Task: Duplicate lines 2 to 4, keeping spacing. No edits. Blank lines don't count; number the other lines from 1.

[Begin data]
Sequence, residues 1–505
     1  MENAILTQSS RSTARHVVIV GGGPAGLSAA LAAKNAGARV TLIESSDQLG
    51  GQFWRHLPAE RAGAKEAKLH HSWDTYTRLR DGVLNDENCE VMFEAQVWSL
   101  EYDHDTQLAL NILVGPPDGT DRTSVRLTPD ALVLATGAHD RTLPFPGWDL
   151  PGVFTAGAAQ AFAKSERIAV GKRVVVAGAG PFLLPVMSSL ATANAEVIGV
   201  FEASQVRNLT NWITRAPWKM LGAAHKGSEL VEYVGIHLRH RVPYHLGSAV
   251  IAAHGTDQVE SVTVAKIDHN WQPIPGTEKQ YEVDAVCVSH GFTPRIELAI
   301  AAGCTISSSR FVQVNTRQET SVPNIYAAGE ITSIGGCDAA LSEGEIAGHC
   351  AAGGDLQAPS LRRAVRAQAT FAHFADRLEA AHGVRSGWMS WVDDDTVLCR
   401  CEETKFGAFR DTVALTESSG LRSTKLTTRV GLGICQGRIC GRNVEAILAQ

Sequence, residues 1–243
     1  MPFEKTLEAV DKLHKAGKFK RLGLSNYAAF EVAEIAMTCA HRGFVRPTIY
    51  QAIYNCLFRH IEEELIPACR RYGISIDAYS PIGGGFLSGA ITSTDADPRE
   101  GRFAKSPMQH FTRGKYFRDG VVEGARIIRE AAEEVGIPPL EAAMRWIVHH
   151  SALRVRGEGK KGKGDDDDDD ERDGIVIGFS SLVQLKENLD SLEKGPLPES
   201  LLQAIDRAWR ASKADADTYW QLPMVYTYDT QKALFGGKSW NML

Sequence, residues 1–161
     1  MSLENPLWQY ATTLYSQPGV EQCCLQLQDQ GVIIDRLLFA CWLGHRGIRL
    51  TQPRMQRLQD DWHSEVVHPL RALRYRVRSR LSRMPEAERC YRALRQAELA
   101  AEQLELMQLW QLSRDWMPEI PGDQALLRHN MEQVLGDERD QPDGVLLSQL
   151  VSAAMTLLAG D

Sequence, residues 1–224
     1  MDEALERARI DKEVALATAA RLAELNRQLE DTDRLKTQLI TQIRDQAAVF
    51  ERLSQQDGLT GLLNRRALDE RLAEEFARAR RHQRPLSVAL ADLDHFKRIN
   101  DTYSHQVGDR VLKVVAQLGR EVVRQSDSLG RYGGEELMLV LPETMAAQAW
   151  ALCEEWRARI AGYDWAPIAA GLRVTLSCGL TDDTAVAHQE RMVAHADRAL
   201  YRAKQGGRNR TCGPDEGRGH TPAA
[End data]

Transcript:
     1  MENAILTQSS RSTARHVVIV GGGPAGLSAA LAAKNAGARV TLIESSDQLG
    51  GQFWRHLPAE RAGAKEAKLH HSWDTYTRLR DGVLNDENCE VMFEAQVWSL
   101  EYDHDTQLAL NILVGPPDGT DRTSVRLTPD ALVLATGAHD RTLPFPGWDL